Studying with Mechanical Engineering - Muireann Spain
My name is Muireann Spain and I am currently in my final year of my BE in Mechanical Engineering in UCD. During my third year, I had the opportunity to study abroad at the University of California, Berkeley. It was an extremely worthwhile experience both personally and academically, and I was delighted to have the chance to live in the “Sunshine State”!
Many of the American students were involved in ongoing research projects at UC Berkeley, and international students were also encouraged to take part. My curiosity was piqued as I had never considered extracurricular research, and when I received the email from UCD about the Naughton Research Fellowship at the University of Notre Dame I decided to apply. I was delighted to be selected as a Naughton Fellow for the 10-week internship program.
At this stage, I was unsure of what exactly I wanted to do with my engineering degree. I chose a project in fracture mechanics, as I had just taken a class in this subject at UC Berkeley and I hoped that having prior knowledge would help me to engage more with the project and contribute meaningfully to the research.
At the beginning of June I flew from California to Indiana, and met the other seven Irish Naughton undergraduate researchers, and lived with three of them in a house in South Bend. My workplace was a bustling office of American PhD students and undergraduate researchers who were extremely friendly and welcoming.
My project was entitled “The effect of bisphosphonate treatment on the fracture toughness of cortical bone from canine rib arc-shaped tension specimens”, and I was under the supervision of Professor Ryan K. Roeder. All of the students in my lab were pursuing PhDs in biomedical engineering, and my project was a multidisciplinary mix, applying the principles of mechanics to biomedical specimens. Needless to say the learning curve was steep at the beginning as I hadn’t had any prior exposure to biomedical engineering, but I settled into the project after some extensive reading!
Bisphosphonates, such as alendronate, are widely used clinically to treat bone disorders, primarily osteoporosis. Bisphosphonates are effective in preventing bone fracture by suppressing bone remodelling and preserving bone mass, but atypical femoral fractures in patients after long-term treatment have raised concerns that suppressed remodelling leads to more brittle bone. Many patients have ceased taking osteoporosis medication due to these concerns, and the aim of my project was to determine whether these concerns were founded by testing the fracture toughness of an animal model.
I was supplied with canine rib specimens, and the experimental groups included ribs from dogs treated with saline (control), a clinical dose of alendronate (0.2 mg/kg/day) and a high dose of alendronate (1.0 mg/kg/day), each for a duration of 2 years. I prepared and tested the samples following the protocol laid out in a paper written by one of Professor Roeder’s former students who had conducted similar research on rabbit specimens. Although the research is not yet complete, there were some primary indications that long-term alendronate treatment did slightly reduce bone fracture toughness.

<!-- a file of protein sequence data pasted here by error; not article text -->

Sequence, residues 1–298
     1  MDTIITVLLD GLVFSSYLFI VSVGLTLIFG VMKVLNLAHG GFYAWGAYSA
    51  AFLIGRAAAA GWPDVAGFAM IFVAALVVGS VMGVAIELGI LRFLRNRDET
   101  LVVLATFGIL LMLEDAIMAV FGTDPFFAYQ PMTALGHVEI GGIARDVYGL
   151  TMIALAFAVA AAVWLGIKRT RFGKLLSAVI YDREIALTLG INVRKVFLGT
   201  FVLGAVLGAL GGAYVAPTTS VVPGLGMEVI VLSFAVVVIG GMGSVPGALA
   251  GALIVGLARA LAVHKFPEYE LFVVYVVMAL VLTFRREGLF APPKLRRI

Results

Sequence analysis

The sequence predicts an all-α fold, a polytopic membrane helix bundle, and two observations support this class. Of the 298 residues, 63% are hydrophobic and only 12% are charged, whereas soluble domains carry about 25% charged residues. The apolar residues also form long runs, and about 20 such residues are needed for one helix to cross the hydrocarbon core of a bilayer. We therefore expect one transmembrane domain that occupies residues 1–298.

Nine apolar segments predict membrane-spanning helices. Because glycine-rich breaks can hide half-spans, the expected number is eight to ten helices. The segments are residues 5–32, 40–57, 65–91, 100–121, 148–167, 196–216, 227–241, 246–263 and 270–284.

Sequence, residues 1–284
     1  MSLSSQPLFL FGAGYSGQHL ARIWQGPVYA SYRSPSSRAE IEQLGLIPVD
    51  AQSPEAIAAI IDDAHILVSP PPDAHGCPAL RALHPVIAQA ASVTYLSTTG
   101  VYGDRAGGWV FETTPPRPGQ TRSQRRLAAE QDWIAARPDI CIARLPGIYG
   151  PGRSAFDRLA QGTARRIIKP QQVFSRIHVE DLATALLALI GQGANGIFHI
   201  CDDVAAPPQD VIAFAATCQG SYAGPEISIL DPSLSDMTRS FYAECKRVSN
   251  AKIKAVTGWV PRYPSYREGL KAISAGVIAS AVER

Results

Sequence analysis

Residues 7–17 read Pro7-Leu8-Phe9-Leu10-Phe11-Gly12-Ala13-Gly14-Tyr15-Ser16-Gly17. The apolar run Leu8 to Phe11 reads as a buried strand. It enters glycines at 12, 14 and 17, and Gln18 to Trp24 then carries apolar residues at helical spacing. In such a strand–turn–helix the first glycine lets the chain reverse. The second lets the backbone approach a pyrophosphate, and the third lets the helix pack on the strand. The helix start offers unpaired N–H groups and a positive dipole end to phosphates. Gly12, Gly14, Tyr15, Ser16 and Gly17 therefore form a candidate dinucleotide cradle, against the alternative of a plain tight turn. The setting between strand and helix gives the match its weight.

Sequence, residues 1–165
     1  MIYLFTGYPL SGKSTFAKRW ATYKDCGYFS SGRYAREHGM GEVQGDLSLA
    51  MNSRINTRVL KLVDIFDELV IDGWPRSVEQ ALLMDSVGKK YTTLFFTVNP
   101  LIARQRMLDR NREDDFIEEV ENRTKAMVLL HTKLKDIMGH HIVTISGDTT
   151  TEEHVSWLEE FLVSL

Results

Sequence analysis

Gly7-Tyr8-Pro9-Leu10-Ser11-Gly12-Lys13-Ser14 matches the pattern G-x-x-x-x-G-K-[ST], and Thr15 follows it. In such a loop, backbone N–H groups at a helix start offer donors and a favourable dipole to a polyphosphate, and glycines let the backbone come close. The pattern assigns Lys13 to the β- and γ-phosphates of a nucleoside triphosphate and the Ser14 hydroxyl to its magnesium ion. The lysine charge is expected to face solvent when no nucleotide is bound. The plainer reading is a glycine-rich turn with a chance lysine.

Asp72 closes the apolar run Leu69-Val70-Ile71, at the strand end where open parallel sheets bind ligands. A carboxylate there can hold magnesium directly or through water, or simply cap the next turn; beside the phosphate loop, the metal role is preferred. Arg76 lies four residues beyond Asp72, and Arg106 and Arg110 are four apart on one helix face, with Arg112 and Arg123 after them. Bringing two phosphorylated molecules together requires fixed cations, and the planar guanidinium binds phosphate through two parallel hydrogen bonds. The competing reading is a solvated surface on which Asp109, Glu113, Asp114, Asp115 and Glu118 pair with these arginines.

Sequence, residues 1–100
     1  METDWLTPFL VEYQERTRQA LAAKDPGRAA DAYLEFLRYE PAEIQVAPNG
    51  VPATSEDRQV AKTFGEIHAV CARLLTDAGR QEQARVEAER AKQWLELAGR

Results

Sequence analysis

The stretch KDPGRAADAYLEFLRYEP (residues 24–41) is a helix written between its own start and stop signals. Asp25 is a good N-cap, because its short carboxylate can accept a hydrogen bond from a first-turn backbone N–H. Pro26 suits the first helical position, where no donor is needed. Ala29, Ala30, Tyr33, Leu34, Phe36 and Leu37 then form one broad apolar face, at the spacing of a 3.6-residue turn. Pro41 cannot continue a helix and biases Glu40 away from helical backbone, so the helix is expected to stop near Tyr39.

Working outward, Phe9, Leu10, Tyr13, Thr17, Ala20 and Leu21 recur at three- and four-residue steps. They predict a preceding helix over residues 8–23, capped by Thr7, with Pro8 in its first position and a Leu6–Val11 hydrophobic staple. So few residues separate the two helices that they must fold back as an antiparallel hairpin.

Professor Roeder provided the optimum amount of support, encouraging me to independently solve issues that were within my capabilities, while teaching me to use equipment and software with which I was not acquainted. The opportunity to work in a lab fully equipped with the latest equipment such as micro CT scanners, imaging software, diamond wire saws and sonic baths was incredible. Every Wednesday morning we had a lab meeting, where each student in the lab had to present their weekly progress, and all the other students gave feedback and suggestions. Working in a collaborative environment such as this was extremely enjoyable as well as educational. As I had no prior research experience, the feedback from older students was vital for me to progress with the project.
Throughout the summer I improved my fracture mechanics knowledge along with coding, imaging software and presentation skills. All of these skills have helped me with my modules back at UCD this year. The research experience was invaluable for my thesis project, as I understand how to analytically approach a problem and apply theoretical knowledge obtained from modules in a practical manner.
I would highly encourage students to apply for the Naughton Undergraduate Research Fellowship, as it really gives you the opportunity to apply your engineering knowledge to a concrete problem, as well as the chance to live and travel in the US for the summer. I would like to thank the Naughton Foundation for this invaluable opportunity, as well as all the students in Professor Roeder’s lab for making the summer such an enjoyable experience. I also have UCD to thank for the opportunity to study and work at two highly-ranked institutions. I have made lifelong friends and memories, and my experiences in the US complement my ongoing education in UCD as well as helping me make decisions regarding my future career path.